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Taylor v. San Jacinto River Authority

Court of Appeals of Texas, Ninth District, Beaumont

August 8, 2019

ROBERT JAKE TAYLOR, INDIVIDUALLY AND AS THE EXECUTOR OF THE ESTATE OF ROY LYNN TAYLOR, Appellant
v.
SAN JACINTO RIVER AUTHORITY, Appellee

          Submitted on May 30, 2019

          On Appeal from the 284th District Court Montgomery County, Texas Trial Cause No. 18-06-07233-CV

          Before McKeithen, C.J., Kreger and Johnson, JJ.

          MEMORANDUM OPINION

          CHARLES KREGER, JUSTICE.

         Robert Jake Taylor, individually and as the executor of the estate of Roy Taylor, sued San Jacinto River Authority (SJRA) and other defendants seeking damages for injuries and the wrongful death of Roy Taylor after a boating accident on Lake Conroe. The trial court dismissed the claims against SJRA on its plea to the jurisdiction. Taylor presents two issues on appeal. First, Taylor asserts that he pleaded a claim that overcomes immunity considering the recreational use statute's requirement that he allege and prove gross negligence.[1] Second, conditioned upon an affirmative conclusion on issue one, Taylor asserts that SJRA failed to produce evidence that conclusively negates an element of Taylor's premises liability claim. We affirm the judgment of the trial court.

         Background

         On May 26, 2017, Decedent Roy Taylor was a passenger in a boat on Lake Conroe.[2] At approximately 1 a.m., the boat was involved in a collision, which ejected Roy and caused fatal injuries. Robert Jake Taylor, individually and as the executor of Roy's estate, sued SJRA and other defendants.

         In his original petition, Taylor alleged the boat collided with a landmass bulkhead along the shoreline of the lake near the Diamondhead neighborhood. In addition to SJRA, Taylor sued the individuals who owned property adjacent to the bulkhead and the boat's driver. The claims against SJRA were limited to negligence, and specifically, Taylor alleged that as the owner/manager of the Diamondhead bulkhead on Lake Conroe, SJRA had the common-law and statutory duties to use ordinary care and breached those duties. He alleged SJRA was negligent in the following particulars:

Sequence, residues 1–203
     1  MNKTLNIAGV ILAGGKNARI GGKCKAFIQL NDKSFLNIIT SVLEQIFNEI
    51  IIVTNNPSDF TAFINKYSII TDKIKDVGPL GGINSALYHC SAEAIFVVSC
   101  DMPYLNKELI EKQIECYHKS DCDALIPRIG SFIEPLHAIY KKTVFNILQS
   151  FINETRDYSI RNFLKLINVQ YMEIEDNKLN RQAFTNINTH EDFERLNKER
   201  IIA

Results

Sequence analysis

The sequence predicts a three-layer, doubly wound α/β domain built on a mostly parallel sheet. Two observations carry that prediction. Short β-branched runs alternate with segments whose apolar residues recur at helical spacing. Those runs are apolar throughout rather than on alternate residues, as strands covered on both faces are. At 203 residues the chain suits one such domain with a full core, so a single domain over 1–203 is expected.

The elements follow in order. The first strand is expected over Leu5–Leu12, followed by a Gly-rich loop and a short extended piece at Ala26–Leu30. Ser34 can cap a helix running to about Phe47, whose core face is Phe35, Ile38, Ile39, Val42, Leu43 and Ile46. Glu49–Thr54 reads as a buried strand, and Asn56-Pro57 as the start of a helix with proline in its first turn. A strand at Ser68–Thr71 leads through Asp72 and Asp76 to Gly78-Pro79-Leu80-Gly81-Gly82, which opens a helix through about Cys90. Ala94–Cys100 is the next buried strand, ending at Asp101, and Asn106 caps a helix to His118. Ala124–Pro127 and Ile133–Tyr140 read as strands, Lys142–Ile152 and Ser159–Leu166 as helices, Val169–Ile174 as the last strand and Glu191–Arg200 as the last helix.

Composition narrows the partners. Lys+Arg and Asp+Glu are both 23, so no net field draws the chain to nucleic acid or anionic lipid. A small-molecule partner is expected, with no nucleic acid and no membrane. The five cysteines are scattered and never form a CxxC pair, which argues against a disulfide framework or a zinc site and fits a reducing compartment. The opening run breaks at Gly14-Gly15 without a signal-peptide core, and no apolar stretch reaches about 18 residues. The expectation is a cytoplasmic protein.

a. Failing to warn persons of the presence and condition of the hazardous bulkhead;
b. Failing to warn persons of the presence and condition of the hazardous building materials, boulders or concrete near the bulkhead;
c. Failing to illuminate or provide adequate sound or other devices, to warn persons of the presence and condition of the hazardous bulkhead;
d. Failing to illuminate or provide adequate sound or other devices, to warn persons of the presence and condition of the hazardous building materials, boulders or concrete near the bulkhead;
e. Failing to mark, buoy, flag or provide any other warnings that the bulkhead was present, or that it extended so far out into the body of the lake[;]
f. Failing to warn boaters in the area that waters surrounding [and] adjacent to that bulkhead were so shallow that concrete, building materials or boulders were exposed;
g. Failing to maintain a safe environment;
h. Failing to correct, or require others to correct, such hazardous conditions;
i. Failing to exercise reasonable and prudent care under the ...

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